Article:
Saturday, July 1, 2017

getting back to ... what?

Watching the Public Broadcast System's news commentary last night, NYTimes columnist David Brooks hit a nail on the head for me as he and presenter Judy Woodruff (long may she flourish) and syndicated columnist Mark Shields struggled to digest President Donald Trump's latest dislocations of a government that rules the country.
... [T]he big question for me is, do we snapback [sic]? Do the norms that used to govern politics reestablish themselves after the Trump administration, or are we here forever?
And I hope, from the level of outrage, that we have a snap back. But the politics is broken up and down. And Trump may emerge from a reality TV world that is much more powerful than we think. And there is the prospect that this is where we are, which is an horrific thought.
JUDY WOODRUFF: Horrific thought.
MARK SHIELDS: Yes, it is that.
Trump supporters may bridle at the notion of "snapping back" or anything like it. What?! -- and go back to the same ol' same ol' of backslapping among those whose foremost concern is getting re-elected ... the same ol' kiss-ass shills who represent the best government money can buy?! We like this guy who talks straight and kicks ass.

The problem is, of course, that he doesn't talk straight. Where once he would make a wall along the Mexican border a number-one priority, there is no wall. Where once repealing Obamacare was a target in his inaugural sights, the Republicans are awash in confusion and disaagreement ... which impinges on the tax relief promised to those who are already much-relieved of taxes... the ones who have bought the best government they could.

The country is being handed over to a politburo that spends more time trying to figure out how to extol or genuflect to our venerable leader than it does getting jobs back to coal miners who are now flipping hamburgers, if that. Our decencies have become indecent: We don't play kissy-face with those who concern themselves with scientifically valid climate concerns.

And, as Brooks intimates, we may already have gone too far down the braggadocio road to ever return ... even to the sluggish swamp-riddled corruption of yore.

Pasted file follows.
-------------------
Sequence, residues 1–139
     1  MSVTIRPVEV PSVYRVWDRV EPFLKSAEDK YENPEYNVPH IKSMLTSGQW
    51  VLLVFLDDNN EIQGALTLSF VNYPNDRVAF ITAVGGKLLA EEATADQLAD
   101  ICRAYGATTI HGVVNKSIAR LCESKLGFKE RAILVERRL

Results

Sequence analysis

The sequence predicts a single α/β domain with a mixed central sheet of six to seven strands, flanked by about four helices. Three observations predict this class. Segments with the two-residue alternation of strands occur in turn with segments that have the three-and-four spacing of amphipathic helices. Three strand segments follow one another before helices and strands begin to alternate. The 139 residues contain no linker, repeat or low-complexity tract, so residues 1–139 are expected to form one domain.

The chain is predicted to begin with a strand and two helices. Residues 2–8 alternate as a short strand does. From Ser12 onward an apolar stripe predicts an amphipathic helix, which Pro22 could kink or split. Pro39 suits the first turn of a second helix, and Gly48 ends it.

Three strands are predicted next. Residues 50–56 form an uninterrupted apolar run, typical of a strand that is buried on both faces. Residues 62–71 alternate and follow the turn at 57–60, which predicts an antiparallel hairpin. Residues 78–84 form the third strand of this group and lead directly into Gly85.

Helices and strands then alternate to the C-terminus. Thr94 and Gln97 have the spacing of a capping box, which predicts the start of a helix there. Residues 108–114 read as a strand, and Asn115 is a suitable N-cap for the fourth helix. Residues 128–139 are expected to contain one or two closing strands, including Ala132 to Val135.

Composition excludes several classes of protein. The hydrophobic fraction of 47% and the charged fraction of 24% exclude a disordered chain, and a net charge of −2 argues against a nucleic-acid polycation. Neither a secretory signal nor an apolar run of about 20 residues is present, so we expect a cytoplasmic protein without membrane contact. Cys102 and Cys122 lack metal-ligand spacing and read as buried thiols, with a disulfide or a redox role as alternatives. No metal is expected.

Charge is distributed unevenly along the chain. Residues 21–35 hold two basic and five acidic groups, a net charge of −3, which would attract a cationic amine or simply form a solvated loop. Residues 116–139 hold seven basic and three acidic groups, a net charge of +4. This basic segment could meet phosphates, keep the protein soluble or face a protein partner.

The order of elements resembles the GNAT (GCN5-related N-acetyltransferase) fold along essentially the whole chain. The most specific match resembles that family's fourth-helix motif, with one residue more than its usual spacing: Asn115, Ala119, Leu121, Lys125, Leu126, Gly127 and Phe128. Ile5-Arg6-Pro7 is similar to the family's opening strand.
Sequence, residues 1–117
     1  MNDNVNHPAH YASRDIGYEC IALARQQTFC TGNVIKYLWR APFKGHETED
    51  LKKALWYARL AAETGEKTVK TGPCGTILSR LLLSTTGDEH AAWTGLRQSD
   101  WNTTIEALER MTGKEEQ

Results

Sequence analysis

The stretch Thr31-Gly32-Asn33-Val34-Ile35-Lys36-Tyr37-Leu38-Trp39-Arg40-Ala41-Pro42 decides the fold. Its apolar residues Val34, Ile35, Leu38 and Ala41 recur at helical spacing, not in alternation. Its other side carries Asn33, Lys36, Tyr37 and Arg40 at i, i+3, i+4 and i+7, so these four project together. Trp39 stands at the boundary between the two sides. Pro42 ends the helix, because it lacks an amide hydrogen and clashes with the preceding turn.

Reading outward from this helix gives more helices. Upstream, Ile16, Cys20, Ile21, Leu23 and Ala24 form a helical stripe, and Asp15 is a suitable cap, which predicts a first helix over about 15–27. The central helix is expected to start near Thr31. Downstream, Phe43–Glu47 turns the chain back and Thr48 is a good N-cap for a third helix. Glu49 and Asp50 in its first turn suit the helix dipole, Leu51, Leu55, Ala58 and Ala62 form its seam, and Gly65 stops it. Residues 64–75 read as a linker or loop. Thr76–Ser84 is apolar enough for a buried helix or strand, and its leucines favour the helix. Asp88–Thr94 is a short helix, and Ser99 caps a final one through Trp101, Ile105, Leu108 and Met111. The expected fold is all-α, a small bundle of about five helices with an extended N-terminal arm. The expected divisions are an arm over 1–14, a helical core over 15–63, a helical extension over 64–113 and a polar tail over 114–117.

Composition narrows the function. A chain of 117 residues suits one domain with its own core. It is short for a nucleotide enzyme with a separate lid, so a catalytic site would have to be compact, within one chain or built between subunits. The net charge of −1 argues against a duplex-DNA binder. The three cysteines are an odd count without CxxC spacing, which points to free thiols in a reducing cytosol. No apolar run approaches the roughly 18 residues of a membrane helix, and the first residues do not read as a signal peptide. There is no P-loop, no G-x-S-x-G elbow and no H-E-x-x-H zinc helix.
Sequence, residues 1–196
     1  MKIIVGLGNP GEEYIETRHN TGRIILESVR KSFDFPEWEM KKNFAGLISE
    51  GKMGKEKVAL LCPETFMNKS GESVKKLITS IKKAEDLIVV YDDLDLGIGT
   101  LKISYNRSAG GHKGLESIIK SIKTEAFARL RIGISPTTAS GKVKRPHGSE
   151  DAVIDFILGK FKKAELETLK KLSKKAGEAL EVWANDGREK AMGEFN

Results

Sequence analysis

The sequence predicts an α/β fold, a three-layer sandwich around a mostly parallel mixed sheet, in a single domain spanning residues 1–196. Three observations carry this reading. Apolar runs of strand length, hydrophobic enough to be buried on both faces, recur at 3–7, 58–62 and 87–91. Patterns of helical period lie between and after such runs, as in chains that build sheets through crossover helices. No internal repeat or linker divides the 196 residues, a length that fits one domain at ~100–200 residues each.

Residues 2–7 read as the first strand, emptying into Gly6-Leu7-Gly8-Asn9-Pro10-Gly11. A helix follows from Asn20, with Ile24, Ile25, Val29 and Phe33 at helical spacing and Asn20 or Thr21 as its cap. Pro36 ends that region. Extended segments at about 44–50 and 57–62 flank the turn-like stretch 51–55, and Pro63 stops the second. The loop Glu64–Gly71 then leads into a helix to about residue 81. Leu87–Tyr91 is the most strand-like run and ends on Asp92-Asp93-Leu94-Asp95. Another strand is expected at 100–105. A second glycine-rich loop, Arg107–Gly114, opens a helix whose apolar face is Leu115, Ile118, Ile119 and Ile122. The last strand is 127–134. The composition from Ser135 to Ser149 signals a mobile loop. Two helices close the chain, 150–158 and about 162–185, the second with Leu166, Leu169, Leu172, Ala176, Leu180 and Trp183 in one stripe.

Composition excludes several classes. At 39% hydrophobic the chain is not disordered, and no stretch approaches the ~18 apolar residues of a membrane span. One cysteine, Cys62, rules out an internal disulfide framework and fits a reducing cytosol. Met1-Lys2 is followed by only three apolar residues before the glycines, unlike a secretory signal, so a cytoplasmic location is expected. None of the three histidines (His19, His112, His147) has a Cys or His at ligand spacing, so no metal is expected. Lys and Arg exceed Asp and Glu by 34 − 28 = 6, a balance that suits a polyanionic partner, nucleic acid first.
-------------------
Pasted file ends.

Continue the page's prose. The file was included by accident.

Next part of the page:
Indecent. Morally bereft. And if someone were to put Trump in a broom closet or simply shoot him, what martyr's huzzahs would cement his legacy? Every moment the media spends trying to explain or deconstruct the president is a moment of success ... any publicity is good publicity. And the rest of us get used to news that has no news in it ... only Donald Trump.


  1. Well, we're a nation of morons, seems appropriate.

  2. Here's my take.
    1. Trump lost the popular election. The American public was not that stupid to begin with. (If anything the Democrats were foolish for accepting Hillary Clinton as their presidential candidate. She had far too many negatives but did win the popular vote nevertheless.)
    2. Trump's polling numbers have been stuck below 50% since taking office. (This too says something for the nation not being made up of unintelligent or ignorant people.)
    3. The media is not taking a step back, from Trump's brand of crazy-politics: Tweets, venomous attack, etc. . It seems that cable news, with few exception, it is being lead by it. This is a serious but not unsurmountable problem.

    Let's look at the latest Quinnipiac poll. It is still a good, reliable poll.

    Quick take away is that 55% of the US population disapprove of Trump's job as president. 40% approve. 5% Undecided.

    The current poll goes on to report that American voters say 63 - 34 percent that President Trump is not level-headed.
    Voter opinions of most other Trump qualities are negative:
    57 - 38 percent that he is not honest;
    54 - 44 percent that he does not have good leadership skills;
    55 - 44 percent that he does not care about average Americans;
    63 - 34 percent that he is a strong person;
    58 - 39 percent that he is intelligent;
    59 - 38 percent that he does not share their values.
    Voters say 52 - 46 percent that Trump is abusing the powers of his office.

    Now if any astute observer of American politics would proceed from this information, we'd all be better off.

    As to whether politicians will follow in Trump's pattern, I'd say it's highly likely unless he really get slammed by the Russia investigation, emoluments violations, or any of his other missteps. But most people don't care for Trump style trash talk. So we'll have to see.

    It would be a relief to the country if people would put aside some local advantages and see fit to remove the Republican Majorities in the House and Senate.

    Trump's behavior is unacceptable, even setting that aside, his changes to US policy are unacceptable. I know I am not alone in this opinion.

    I also believe that Speaking Truth to Power has limited effects, we need to use the power of our majority in a three prong approch 1. to find a way to impeach him through investigation and political persuasion, 2. limit his power via the 2018 elections, and then 3, if he remains in office make sure he is out in 2020.